GREENBURGH, N.Y. (CBSNewYork) – Imagine your father coming in and checking up on you at work. That’s what is happening in one Westchester County town, WCBS 880’s Sean Adams reported.

WCBS 880’s Sean Adams On The Story

Phil Feiner goes through Greenburgh‘s finances with a fine tooth comb.

“It’s nickels and dimes, but it adds up,” he told Adams.

Is he a comptroller or an auditor?

“No title,” he said. “Just a volunteer.”

But he’s not just any volunteer. Phil Feiner is the 91-year-old father of Greenburgh Town Supervisor Paul Feiner.

Stories from Main Street - Photo: Evan Bindelglass / WCBS 880

Stories from Main Street – Photo: Evan Bindelglass / WCBS 880

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“I’ve been in office now 21 years and I welcome the fact that my father could be my biggest critic,” Paul Feiner said.

The elder Feiner is retired. He worked in accounting and in the family’s ash can business in the Bronx.

Once a week, he sifts through invoices.

“It’s very simple. Because there’s so much waste in government, the way I look at it, when I look at an invoice, it’s a personal thing,” Phil Feiner said. “I don’t believe in throwing out a dollar. I believe in a fair shake. I don’t believe in taking advantage of anybody.”

He discovered the town wasn’t submitting claims for ambulance runs.

“And as a result of that, they received $1 million a year for Medicare,” he said.

He said that when the library needed a new roof, “They forwarded a bond issue for $300,000. I said ‘That’s ridiculous.’ and they had two good estimates. I said yes to the third estimate and they came up with a $25,000 job, and they saved $275,000.”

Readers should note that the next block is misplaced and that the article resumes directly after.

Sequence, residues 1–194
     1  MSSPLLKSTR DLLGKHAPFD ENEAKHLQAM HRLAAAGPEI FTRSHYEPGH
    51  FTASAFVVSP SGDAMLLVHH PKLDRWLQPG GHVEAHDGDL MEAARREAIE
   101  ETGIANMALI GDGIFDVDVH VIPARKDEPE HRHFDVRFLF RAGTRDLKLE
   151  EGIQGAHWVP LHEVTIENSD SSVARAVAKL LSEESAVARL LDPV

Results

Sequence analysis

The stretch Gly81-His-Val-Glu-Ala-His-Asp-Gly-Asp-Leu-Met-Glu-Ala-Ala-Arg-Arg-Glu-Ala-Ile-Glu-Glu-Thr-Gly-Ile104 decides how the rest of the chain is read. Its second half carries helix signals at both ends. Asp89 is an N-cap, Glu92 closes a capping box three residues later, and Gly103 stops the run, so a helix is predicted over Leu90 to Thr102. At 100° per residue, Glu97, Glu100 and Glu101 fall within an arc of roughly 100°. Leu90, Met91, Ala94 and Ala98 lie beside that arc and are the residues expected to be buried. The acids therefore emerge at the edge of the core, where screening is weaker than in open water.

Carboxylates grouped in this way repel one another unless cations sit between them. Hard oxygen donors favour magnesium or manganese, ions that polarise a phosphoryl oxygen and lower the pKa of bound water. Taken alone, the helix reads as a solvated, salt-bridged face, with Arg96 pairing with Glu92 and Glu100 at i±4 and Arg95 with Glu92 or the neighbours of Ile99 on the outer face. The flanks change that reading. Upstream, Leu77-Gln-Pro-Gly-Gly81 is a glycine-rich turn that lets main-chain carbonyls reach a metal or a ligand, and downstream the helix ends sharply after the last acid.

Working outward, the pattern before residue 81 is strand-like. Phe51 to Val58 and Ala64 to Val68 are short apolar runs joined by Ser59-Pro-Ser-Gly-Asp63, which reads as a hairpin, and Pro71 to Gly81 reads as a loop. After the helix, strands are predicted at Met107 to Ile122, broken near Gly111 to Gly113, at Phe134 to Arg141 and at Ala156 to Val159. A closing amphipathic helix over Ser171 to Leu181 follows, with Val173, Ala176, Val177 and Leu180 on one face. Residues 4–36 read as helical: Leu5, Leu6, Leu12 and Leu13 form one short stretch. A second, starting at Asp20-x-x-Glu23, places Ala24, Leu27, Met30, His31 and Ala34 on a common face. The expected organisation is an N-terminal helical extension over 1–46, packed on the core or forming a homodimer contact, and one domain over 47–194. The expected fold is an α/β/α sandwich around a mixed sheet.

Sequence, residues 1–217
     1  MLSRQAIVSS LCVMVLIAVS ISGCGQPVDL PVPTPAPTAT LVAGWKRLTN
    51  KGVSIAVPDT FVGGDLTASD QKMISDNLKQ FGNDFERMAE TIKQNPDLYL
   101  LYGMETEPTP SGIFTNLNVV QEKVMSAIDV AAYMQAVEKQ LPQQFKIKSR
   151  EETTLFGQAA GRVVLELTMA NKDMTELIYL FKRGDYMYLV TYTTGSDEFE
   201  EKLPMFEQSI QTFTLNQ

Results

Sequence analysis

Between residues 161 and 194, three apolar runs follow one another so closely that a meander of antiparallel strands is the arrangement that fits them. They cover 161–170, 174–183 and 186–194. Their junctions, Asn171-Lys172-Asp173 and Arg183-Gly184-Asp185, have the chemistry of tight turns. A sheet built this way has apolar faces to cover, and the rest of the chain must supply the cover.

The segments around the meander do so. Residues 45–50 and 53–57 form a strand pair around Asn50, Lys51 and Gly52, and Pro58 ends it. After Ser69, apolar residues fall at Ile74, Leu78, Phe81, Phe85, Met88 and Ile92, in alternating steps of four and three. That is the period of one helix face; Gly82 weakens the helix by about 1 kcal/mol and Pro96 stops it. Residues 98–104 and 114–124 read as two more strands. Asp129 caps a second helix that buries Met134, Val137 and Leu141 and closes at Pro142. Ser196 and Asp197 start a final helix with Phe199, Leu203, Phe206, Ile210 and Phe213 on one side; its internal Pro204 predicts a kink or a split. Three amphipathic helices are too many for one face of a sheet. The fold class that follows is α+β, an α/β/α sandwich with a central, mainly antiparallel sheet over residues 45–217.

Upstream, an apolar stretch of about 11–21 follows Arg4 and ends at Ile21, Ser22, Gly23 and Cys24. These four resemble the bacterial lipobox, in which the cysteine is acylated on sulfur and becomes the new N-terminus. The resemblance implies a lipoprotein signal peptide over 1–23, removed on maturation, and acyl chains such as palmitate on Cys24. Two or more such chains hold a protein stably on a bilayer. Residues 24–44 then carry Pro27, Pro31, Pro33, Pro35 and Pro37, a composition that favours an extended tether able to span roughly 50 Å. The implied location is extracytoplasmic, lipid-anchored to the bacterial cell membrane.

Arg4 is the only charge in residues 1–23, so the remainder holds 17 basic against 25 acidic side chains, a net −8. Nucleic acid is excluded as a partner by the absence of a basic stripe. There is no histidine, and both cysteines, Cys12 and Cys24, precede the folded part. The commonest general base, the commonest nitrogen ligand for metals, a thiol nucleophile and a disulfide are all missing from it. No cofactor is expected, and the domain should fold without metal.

“It’s a great service and the town has saved a substantial amount of money – millions of dollars – thanks to my father’s volunteer efforts over the years,” Paul Feiner said.

The fruit didn’t fall far from the Feiner tree.

The supervisor prides himself on being cost-conscious and finally creative and Greenburgh has a Triple-A bond rating.

But at the end of the day, father knows best.

“Somebody said to me, ‘We should send Feiner to Washington.’ and they weren’t talking about me. They were talking about my father,” said Paul Feiner. “I also want government to be run as tight as possible and as efficiently as possible and I feel that having somebody like my father reassures the public that their dollars are being spent efficiently.”

The elder Feiner said he is very proud of his son.

“If my father ran against me, I’d probably vote for him,” said the younger Feiner.

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